Starting an eBay Business - 

Moving from your closet into the business world  

Starting an eBay Business is the next logical step if you've already mastered the basics of selling and you've gotten good at figuring out what will sell in an auction and what won't. Eventually, you'll have sold everything that you can from your own closets and you'll find that it's time to move on to selling things for other people or finding some good sources for wholesale products. Before you leap into signing up for an eBay store, sit down and plan out this next stage of your business development.

Yes, that's right - business development.

Congratulations, you're about to move from simply making money online to owning your own business!

Starting an eBay Business Right with a Business Plan

ARGH! OH NO!! Business-school speak!

Go ahead, get it out of your system now.

If you're quite done, relax, take a breath and pull out a pen and paper - you can do this! Remember, unless you're applying for a business loan, there's no right or wrong way of creating a business plan, except perhaps not creating one at all!

If you're going to get serious about starting an eBay business, you need to realize that you are in fact starting your own business. If you're going to start filing taxes differently (when you make over $600 in one year, if not before), if you're going to get a reseller's certificate, if you're going to be taken seriously, you need to know what you're doing.

The only way to do that is to have a clear plan from the beginning.

Your business plan will basically lay out what you want from your business - laid out by monthly, quarterly, yearly and 5-year goal plans. Actually, the last one is optional - I usually do 3-year goals. Not only will you set goals, you'll come up with a clear road map for how you're going to get there each step of the way. This road map will be unique to your own business, but I'll give you some thinking points to get you started.

There's no real format that you need to do this in. I like using blank white paper and a nice pen, but that's just me. I also enjoy planning in the bathtub, but again, that's just me. Planning is, after all, my favorite part of owning my own business. What's important is that you take the time to thoroughly think through what you're getting yourself into and write down your road map.

Here's some questions to get you started:
  • What do you want from starting an eBay business? Money? Brand Awareness? Do something you like? Make money from your passion?
  • What will you sell? What kind of market is there for this on eBay? What about online in general? Where will you get your stuff? How much of a markup will you have after eBay fees and shipping? How much do you want to make on each item? How will you ship your stuff?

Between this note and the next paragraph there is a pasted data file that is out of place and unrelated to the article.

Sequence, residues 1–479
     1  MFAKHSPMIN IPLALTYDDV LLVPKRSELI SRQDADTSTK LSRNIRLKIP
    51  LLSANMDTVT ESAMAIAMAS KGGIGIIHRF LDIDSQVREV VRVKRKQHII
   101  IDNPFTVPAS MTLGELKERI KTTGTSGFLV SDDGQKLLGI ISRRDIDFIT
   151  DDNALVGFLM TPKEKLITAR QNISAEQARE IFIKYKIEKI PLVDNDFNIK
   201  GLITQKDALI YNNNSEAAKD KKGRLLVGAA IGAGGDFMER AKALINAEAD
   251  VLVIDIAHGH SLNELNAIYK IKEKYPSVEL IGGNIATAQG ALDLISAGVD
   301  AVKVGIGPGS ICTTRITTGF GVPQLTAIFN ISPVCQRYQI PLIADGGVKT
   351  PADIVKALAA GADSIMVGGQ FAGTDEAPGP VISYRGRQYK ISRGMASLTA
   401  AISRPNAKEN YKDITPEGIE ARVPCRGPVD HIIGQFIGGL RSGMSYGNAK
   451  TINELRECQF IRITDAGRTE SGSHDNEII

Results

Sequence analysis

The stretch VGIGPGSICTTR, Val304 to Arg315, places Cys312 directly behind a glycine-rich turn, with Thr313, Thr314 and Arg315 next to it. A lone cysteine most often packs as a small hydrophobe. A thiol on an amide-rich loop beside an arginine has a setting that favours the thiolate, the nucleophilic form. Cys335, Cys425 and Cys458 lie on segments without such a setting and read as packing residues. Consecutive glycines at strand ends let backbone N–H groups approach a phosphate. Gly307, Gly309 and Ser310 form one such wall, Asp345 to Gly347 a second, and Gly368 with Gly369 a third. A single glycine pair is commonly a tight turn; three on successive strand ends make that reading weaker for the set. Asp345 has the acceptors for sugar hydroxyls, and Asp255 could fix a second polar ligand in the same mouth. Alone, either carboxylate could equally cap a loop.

• How many items will you try to carry on eBay at once? Will you list in fixed-price or auction format? How much will this cost you (on average) each month? Which store level makes sense for you to subscribe to given this?
  • How will you set yourself apart from other eBay sellers offering similar items and services? Will you have more accessible customer service? Will you have free shipping? Will you have quicker delivery? Will you have hard-to-find or unique products?
  • Will you only sell on eBay or will you attempt to drive traffic to a non-eBay store through branding so you can capture customers on a cheaper system? Will it make sense for you sell on other eBay sites such as Half.com and eBay Motors?
  • How will you keep customers coming back to your store? Newsletters? Specials? Discounts?
  • How fast will you ramp-up your item listings and services? How much time do you have to devote to this enterprise?
  • How will you manage your time and resources? At what point will you hire assistants and employees?
  • Given all the above, and your local laws and taxes, what business structure makes the most sense to you?
  • Will you need to get a reseller's license? What paperwork will you need to have before you can apply for one?
  • Will you need to be insured and bonded? What will be required to make that happen?

Getting Paperwork in Place

Starting an eBay business is like giving birth - you're creating an entirely new entity separate from yourself, but (in my experience) it doesn't have to take quite as long. I live (relatively) near both a State and County records office, so I was able to get all my paperwork done in about two days of concerted effort. It was overwhelming and stressful, but I self-medicated with Ice Blended Mochas and made it through. Looking back, I'm glad I did it all so quickly - it made finding wholesalers much easier, they were eager to speak with me when I could include all my business paperwork as a PDF attached to my initial email.